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Charis Kamphuis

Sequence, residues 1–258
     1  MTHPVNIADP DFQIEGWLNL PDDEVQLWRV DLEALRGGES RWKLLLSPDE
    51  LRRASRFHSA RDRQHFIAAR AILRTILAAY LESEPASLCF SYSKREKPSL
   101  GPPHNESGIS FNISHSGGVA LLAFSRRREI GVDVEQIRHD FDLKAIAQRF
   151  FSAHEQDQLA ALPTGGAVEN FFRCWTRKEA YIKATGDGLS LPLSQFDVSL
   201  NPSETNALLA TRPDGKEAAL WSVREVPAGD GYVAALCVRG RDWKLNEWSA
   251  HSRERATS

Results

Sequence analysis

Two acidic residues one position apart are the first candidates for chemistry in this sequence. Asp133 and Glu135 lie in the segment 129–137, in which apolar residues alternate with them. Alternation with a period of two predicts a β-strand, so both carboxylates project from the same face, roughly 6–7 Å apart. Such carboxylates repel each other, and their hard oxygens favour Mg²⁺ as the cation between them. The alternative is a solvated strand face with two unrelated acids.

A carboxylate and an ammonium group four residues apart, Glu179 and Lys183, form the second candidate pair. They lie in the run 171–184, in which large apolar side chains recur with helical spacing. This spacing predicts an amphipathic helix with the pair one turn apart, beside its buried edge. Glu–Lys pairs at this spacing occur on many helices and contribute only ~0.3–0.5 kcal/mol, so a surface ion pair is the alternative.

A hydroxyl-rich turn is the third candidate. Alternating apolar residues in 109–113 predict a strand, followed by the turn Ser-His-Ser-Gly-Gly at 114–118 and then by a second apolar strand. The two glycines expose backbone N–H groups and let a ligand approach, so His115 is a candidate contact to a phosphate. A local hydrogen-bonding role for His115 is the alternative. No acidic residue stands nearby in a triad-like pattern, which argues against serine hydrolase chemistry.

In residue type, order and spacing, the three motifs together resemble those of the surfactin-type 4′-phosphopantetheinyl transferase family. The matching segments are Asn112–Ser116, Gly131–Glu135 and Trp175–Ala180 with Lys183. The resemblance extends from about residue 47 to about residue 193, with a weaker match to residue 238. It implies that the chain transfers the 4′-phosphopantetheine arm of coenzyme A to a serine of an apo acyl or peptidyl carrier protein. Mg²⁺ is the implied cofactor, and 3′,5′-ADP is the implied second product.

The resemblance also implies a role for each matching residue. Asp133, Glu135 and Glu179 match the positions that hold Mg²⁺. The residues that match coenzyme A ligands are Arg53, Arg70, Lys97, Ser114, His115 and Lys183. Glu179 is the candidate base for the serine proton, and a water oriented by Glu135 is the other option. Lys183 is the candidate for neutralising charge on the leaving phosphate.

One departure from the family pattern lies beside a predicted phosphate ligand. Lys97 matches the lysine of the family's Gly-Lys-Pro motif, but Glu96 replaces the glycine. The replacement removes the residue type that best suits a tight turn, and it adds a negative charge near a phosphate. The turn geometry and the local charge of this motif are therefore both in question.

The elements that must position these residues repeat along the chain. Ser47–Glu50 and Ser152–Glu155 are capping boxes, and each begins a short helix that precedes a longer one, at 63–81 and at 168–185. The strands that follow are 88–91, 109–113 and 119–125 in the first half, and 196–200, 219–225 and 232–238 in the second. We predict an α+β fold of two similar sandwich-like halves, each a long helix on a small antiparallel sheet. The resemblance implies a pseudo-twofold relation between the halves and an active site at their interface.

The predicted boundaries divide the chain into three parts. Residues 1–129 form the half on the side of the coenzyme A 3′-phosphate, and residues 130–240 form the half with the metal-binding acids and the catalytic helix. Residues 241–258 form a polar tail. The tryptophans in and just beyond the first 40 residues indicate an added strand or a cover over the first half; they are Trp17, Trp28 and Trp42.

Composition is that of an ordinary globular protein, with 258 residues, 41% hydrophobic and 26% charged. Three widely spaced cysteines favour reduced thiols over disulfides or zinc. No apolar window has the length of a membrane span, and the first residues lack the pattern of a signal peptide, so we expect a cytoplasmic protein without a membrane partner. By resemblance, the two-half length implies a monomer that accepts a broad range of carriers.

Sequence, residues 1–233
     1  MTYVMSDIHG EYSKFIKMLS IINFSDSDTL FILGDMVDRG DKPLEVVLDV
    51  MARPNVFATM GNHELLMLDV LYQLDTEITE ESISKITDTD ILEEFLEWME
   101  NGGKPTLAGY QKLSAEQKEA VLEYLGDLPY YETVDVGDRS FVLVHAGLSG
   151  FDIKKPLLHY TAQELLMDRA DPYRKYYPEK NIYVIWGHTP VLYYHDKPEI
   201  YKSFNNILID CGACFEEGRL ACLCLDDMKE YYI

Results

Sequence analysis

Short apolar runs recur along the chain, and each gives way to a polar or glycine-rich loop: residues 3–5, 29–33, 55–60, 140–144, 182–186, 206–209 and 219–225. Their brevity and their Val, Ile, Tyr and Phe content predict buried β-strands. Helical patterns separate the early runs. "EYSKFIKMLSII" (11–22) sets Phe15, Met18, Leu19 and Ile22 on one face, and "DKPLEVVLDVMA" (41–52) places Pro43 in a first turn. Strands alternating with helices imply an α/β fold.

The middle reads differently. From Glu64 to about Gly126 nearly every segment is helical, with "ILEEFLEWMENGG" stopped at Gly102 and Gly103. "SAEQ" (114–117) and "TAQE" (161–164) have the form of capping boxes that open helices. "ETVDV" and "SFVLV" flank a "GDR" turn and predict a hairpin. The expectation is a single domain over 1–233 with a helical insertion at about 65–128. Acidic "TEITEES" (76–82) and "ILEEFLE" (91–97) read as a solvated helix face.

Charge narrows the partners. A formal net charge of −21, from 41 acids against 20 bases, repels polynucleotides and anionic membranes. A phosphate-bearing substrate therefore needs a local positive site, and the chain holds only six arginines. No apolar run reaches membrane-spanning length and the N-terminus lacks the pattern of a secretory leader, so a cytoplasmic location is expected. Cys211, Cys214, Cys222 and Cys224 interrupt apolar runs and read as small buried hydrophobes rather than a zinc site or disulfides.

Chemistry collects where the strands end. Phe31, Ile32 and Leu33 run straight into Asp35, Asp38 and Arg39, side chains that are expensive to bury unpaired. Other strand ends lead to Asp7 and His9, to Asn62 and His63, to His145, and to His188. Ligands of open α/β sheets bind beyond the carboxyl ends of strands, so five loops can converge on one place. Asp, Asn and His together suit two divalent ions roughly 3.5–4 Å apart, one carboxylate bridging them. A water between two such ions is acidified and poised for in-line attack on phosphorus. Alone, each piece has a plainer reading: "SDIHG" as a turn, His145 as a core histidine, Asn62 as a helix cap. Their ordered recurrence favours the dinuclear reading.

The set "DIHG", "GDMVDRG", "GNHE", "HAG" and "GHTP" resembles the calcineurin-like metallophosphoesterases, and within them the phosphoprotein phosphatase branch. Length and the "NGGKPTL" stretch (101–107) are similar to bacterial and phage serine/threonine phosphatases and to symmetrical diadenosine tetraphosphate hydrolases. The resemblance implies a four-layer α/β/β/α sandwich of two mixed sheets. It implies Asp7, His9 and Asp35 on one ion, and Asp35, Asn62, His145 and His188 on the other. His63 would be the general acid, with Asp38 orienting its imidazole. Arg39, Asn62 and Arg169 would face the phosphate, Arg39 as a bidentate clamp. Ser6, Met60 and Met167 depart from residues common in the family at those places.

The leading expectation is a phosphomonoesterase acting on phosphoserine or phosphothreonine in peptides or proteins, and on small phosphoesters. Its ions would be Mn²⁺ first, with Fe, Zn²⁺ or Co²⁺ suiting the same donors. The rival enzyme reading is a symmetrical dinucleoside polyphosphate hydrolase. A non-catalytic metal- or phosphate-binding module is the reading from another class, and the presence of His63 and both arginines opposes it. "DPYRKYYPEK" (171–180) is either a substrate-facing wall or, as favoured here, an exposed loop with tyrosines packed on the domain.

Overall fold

This article focuses on the convergence of the corporate power of Yanacocha Mine with the Peruvian State's public power, studied in relation to two interrelated and fundamental sites of power: Indigenous land rights and the regulation of the use of force. The analysis presents two international human rights litigation initiatives: the Negritos Case and the GRUFIDES Case, which illustrate the complex relationship between Peru's colonial history, Yanacocha's current status as one of the most profitable goldmines in the world, serious land rights violations, and the emergence of widespread social protest and the escalating use of private security companies by multinational mining companies. The analysis addresses four legal processes flowing from the private–public convergence: (1) the dispossession of Campesino communal land; (2) the production of Campesino consent; (3) the privatization of coercive force; and (4) the absence of effective legal remedies. The conclusion considers the significance of the case study for those who seek to use the law to engage in practices of resistance to the power configuration represented by the private–public convergence.